I was recently selected as an “Emerging Leader” with ASCD (formerly the Association for Curriculum and Development), and attended a leadership conference with both new and experienced leaders within the organization. The theme of the conference was “Revolutionizing the Way we Learn”, which includes revolutionizing our relationships, practices and processes, and our innovations and designs (as noted by ASCD Executive Director, Dr. Gene Carter).
One phrase from Dr. Carter’s opening keynote that really stuck with me was that as educators and educational leaders, we must “be prepared to let go to grow.” This phrase caused me to reflect upon the things I have had to let go of over my career as an educator, which I have listed below:
- I let go of a job I was familiar with to enter the field of education (without ANY experience or educational coursework).
- I let go of working in solitude to become part of a collaborative science department.
- I let go of my traditional, teacher-centered practices to implement inquiry-based, student-centered methods.
- I let go of my comfortable classroom teacher role to move into a leadership role with the Alabama Math, Science, and Technology Initiative.
As I reflected about the things I have let go of, I began to realize how much each of them has helped me grow:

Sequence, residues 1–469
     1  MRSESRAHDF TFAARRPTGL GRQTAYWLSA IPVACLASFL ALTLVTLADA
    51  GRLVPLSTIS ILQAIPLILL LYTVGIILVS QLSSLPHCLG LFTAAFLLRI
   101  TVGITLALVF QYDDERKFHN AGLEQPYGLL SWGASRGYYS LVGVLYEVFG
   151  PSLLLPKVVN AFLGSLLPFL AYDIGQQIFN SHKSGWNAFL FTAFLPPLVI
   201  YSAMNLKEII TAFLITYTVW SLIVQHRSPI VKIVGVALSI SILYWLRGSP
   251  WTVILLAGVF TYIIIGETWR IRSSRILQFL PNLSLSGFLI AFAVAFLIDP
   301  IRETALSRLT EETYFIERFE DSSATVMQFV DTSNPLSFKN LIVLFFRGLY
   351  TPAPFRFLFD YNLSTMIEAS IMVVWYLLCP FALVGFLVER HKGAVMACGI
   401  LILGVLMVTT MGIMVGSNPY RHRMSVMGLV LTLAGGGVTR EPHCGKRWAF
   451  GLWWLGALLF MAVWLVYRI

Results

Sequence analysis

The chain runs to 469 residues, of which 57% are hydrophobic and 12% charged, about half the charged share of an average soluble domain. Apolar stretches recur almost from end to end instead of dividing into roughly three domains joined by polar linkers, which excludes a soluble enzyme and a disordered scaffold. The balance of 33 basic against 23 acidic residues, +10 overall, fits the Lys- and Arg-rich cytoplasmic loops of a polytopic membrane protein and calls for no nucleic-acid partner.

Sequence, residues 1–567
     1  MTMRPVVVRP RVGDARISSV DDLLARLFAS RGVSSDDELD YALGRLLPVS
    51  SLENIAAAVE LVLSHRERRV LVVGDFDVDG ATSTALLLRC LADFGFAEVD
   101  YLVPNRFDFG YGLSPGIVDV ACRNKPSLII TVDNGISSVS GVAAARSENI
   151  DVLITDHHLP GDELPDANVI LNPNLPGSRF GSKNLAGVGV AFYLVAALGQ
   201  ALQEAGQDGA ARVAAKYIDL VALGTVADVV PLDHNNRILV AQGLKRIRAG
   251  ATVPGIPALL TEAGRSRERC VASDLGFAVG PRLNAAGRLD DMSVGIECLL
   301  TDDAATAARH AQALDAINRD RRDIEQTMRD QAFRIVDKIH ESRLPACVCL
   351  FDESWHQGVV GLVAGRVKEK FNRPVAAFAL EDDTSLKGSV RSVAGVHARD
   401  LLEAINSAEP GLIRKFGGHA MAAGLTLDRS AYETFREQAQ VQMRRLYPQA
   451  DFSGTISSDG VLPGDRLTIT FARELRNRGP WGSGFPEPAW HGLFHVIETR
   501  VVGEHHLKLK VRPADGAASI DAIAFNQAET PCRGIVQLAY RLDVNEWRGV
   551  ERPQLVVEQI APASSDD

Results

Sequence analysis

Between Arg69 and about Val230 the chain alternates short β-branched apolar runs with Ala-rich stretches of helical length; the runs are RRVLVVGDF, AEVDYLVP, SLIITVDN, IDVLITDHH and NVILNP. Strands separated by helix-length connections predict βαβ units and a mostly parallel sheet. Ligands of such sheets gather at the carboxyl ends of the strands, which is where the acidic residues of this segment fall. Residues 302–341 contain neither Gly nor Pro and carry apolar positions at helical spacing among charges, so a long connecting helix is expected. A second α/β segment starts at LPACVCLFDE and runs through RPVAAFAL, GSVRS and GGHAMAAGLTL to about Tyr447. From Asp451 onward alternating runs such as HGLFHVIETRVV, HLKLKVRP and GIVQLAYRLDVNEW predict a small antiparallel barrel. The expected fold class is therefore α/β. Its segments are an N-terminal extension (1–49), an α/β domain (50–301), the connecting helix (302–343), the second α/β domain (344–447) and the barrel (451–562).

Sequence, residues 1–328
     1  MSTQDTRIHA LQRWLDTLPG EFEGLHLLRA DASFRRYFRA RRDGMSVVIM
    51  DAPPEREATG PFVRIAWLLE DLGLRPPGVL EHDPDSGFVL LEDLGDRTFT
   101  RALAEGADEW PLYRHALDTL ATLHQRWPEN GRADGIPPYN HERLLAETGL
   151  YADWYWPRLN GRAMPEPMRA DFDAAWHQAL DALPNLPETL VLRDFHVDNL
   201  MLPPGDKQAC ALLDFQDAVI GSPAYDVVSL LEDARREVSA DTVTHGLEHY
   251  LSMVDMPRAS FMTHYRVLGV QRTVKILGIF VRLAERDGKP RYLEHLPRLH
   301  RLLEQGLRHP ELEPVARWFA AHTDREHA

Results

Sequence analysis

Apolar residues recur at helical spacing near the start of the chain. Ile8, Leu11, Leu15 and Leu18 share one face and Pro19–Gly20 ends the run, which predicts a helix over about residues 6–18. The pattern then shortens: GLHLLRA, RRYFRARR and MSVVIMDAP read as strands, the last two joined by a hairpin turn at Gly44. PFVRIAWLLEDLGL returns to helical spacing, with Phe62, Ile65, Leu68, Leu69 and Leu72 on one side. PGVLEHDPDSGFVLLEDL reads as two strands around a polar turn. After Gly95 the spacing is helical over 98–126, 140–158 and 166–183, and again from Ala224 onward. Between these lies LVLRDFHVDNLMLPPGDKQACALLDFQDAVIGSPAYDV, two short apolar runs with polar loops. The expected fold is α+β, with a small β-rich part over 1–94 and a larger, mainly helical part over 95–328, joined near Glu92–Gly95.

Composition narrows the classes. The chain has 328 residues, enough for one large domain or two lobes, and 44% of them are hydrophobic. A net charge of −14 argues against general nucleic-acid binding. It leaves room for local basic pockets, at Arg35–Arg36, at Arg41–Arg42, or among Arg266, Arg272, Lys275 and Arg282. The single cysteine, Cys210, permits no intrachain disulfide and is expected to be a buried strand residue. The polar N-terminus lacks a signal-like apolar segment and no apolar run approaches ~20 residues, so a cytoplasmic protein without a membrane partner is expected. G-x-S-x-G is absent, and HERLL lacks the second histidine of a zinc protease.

- I entered the field of education and found a career that I truly love.
- I became part of a collaborative science department and learned how to work with others as a team.
- I implemented inquiry-based practices and found a better way to help ALL of my students improve their scientific literacy as they gained critical thinking skills.
- I moved into a leadership role and learned how to help other teachers transform their practices to better meet the needs of their students.
Now that I am serving in a variety of leadership roles, I understand that in order to continue to grow I must continue to let go of things that could hold me back. So how can I help other educators learn to let go so that they too can grow?
I believe that the ability to reflect is an important part of this growing process. I learned how to be more reflective of my practices as an educator while completing my National Board Certification. Proposition 4 of the National Board for Professional Teaching Standards Core Propositions states that teachers think systematically about their practice and learn from experience.
If you are not ready to jump into the National Board Certification process, but are interested in becoming more reflective, here are a few ideas to help you get started (adapted from http://jasontbedell.com/characteristics-of-a-reflective-educator).
- Set time aside specifically for thinking about your professional practice, your growth needs, and your students’ needs.
- Take action upon your focused thoughts about professional practice. Do not continue in a course of action that you realize is not working.
- Know your strengths and be cognizant of your weaknesses. Take planned steps to improve in those weak areas.
- Seek feedback from many sources, such as other teachers, students, parents, and administrators. Be open to constructive criticism.
- Share your experience with the understanding that it can benefit others who may be able to learn from them.
As the new school year begins, I encourage you to take the time to be a reflective educator/ educational leader. What do YOU need to let go of to grow?
~Amy Fowler Murphy, Ed.S., NBCT
Alabama Math, Science, and Technology Initiative